This contention is without merit. Section 13-217 specifically states that, among other reasons, if the action is dismissed by a United States district court for lack of jurisdiction, a new action may be commenced within one year. (Ill. Rev. Stat. 1985, ch. 110, par. 13-217.) The statute clearly recognizes that the extended limitations period applies to a Federal court dismissal for want of jurisdiction. (See Conner v. Copley Press, Inc. (1984), 99 Ill. 2d 382, 385-86, 459 N.E.2d 955.) It can hardly be contended that the filing in Federal court under these circumstances is a nullity when our statute explicitly refers to a dismissal in Federal court for want of jurisdiction.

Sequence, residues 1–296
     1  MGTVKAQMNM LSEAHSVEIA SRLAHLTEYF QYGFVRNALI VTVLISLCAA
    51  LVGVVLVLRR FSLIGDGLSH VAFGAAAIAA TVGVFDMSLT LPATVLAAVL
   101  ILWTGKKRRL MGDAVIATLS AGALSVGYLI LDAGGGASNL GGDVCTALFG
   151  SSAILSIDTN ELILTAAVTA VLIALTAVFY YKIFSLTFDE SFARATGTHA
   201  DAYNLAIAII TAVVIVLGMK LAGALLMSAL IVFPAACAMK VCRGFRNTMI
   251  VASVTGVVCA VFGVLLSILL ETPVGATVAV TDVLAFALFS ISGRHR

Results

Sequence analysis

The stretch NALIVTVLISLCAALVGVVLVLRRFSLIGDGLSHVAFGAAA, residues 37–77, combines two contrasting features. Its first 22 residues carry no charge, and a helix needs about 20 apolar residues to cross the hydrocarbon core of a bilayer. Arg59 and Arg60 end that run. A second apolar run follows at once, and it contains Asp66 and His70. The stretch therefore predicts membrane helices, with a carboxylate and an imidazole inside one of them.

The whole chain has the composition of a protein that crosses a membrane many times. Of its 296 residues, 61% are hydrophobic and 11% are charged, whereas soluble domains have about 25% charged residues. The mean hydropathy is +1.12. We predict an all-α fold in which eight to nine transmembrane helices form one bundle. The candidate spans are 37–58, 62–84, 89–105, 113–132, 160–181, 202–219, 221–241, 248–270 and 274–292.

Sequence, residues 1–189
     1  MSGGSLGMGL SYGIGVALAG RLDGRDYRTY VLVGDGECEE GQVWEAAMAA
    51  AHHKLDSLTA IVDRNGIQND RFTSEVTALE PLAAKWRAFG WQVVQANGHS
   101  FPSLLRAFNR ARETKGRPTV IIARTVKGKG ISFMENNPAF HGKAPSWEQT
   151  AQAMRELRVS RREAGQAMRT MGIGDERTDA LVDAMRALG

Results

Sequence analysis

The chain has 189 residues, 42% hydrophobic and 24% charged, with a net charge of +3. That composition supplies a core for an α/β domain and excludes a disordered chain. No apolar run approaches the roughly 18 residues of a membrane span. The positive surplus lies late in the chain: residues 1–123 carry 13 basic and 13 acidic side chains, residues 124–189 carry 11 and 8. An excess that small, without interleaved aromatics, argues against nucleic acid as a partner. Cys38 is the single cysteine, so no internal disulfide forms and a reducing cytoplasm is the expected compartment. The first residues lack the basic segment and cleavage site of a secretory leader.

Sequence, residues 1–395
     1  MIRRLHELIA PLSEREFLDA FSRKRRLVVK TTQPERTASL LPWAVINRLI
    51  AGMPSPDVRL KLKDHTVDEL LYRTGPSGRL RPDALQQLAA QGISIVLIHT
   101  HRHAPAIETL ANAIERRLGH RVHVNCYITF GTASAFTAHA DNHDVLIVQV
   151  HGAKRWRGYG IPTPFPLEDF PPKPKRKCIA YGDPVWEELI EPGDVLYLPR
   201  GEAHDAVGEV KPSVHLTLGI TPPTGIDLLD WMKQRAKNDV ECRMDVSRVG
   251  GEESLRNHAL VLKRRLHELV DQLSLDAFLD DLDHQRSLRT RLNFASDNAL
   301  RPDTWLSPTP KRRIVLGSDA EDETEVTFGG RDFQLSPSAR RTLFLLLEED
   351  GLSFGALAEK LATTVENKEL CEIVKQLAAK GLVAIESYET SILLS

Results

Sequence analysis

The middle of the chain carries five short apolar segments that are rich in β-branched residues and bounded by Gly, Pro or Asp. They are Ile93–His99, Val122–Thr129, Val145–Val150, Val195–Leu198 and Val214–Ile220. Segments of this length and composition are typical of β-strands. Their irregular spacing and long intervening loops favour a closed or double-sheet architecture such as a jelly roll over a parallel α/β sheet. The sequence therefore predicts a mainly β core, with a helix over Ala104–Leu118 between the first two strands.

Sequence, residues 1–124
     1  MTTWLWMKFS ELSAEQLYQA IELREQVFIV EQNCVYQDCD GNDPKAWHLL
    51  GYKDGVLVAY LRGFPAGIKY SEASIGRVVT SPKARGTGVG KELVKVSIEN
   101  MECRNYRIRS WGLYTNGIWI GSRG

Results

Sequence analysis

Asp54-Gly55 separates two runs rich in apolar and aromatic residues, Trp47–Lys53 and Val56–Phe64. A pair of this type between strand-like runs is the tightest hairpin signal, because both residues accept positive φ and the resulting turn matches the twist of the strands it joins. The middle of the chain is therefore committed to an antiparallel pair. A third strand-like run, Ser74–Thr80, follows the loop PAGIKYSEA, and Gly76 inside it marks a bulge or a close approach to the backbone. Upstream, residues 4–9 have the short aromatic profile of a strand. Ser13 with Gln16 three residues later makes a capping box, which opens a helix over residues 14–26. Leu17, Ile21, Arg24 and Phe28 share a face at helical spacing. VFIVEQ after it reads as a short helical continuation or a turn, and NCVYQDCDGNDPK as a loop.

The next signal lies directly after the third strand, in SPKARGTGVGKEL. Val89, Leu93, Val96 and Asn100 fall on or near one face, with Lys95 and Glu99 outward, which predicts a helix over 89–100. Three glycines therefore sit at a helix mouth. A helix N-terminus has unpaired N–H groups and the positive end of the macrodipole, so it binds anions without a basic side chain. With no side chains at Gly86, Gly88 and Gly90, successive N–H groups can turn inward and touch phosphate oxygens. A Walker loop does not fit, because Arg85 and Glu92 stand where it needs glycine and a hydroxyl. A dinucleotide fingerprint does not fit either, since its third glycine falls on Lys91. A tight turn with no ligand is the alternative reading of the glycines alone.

Second, plaintiff argues that even if we conclude that the refiling of the suit in the Federal court in Illinois constituted a filed action, we either should adopt a policy that the successive-dismissal rule will not apply when the first dismissal is by stipulation, citing Poloron Products, Inc. v. Lybrand Ross Brothers & Montgomery (2d Cir. 1976), 534 F.2d 1012, or should interpret the Illinois cases prohibiting the successive refilings as only applying to situations where there is a "harassing" renewal of litigation. The former contention, based on the Poloron Products decision, can be summarily dismissed as it involves a Federal statute dissimilar to section 13 -- 217. See 534 F.2d 1012, 1015-18.